Most recent quarter, or MRQ, is a commonly used acronym in finance, and it relates to the previous quarter. MRQ is widely used in financial reporting, and it can be instrumental in highlighting a company’s financial results or operational metrics.
Additionally, MRQ figures and financial results give investors an overview of the company’s performance in the short term, which can help determine future stock prices or the company’s valuation.
Why MRQ is important
Companies are obligated to report their financial statements each quarter. Since the quarter ends and the results are published until the new quarter ends, there is no financial or operational information from the company.
Investors, analysts, and Wall Street, in general, put too much emphasis on short-term results and the current state of a company, so they extensively use the most recent information available. This is why MRQ is a common acronym used in financial reports, analysts, and company presentations.
Financial results or operational metrics in the short term can have a significant impact on stock prices and investors’ perception of a company. Therefore, MRQ is used to highlight improvements, but it can also be used for valuation when investors analyze a company’s financial statements.
Advantages and disadvantages of using MRQ
Using MRQ to assess a company’s financials and valuation metrics is very useful, as it allows investors to better understand the stock’s price action and narrative behind the trading.
Particularly when it comes to high-growth stocks, where the short-term results have a lot of impact on the stock’s momentum, the most recent quarterly results, and operational figures will be the main drivers of the stock price.
Because MRQ results and figures are solely based on the last three months the company reported, it can be a very short period of time to allow investors to draw conclusions. Several factors can influence short-term results, such as seasonality and cyclicality. Therefore, the results over just 3 months may not fully reflect the company’s results and operations.
Other factors might influence the company’s performance in the short term, and as such, investors should be aware of these shortcomings when evaluating MRQ results.
How to use MRQ in financial results and metrics
Financial results or operational metrics create a narrative behind stock prices. They also allow investors and analysts to understand whether a company’s metrics are improving.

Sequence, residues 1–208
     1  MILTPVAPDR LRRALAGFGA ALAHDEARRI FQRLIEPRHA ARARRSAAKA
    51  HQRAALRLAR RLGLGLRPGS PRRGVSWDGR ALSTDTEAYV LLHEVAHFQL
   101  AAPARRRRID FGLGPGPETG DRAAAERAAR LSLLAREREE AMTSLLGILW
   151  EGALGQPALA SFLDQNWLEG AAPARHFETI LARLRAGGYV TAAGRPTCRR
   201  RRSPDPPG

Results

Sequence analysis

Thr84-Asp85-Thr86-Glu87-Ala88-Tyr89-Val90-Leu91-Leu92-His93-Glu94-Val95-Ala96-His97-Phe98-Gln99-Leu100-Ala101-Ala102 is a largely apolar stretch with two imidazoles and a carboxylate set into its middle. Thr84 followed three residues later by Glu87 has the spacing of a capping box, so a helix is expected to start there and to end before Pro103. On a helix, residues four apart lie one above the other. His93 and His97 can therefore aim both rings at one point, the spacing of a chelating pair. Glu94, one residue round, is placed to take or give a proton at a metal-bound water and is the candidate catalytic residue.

Short-term results are beneficial when evaluating high-growth companies and understanding whether or not a company is staying in the growth course or what headwinds it might face.
Especially when there is no new information on the company until the current quarter ends, the most recent quarter's results remain the most updated figures and information available.
MRQ results and metrics should not be extensively used when valuing a company. This is because three months tend to be a very short period to draw any accurate conclusion, and valuing a business based on the most recent quarter will not accurately portray the company's value.
Valuing a company should be based on its expected growth and historical performance. Three months is too short of a timeframe to use as any solid basis for valuation.
One of the best ways to use the most recent quarter's results is trading. Stock prices are driven by information, and short-term price movements tend to be significantly influenced by the most recent news or data about a company.
This is why the most recent quarter results tend to drive stocks' narrative and price action. As a trader, understanding when the MRQ results of a company can drive its price either up or down can be very beneficial.
MRQ is far more helpful for analyzing financial results. While it refers to the last three months when the company reported its financials, it allows investors to draw some short-term conclusions about its performance.
Overall, MRQ results should tell you exactly how well the company operated in the past three months, and it can also be used to make projections and estimates. Using the results of the most recent quarter to track whether or not the company is achieving its estimates and evaluating whether or not the management is following through with their goals for the company.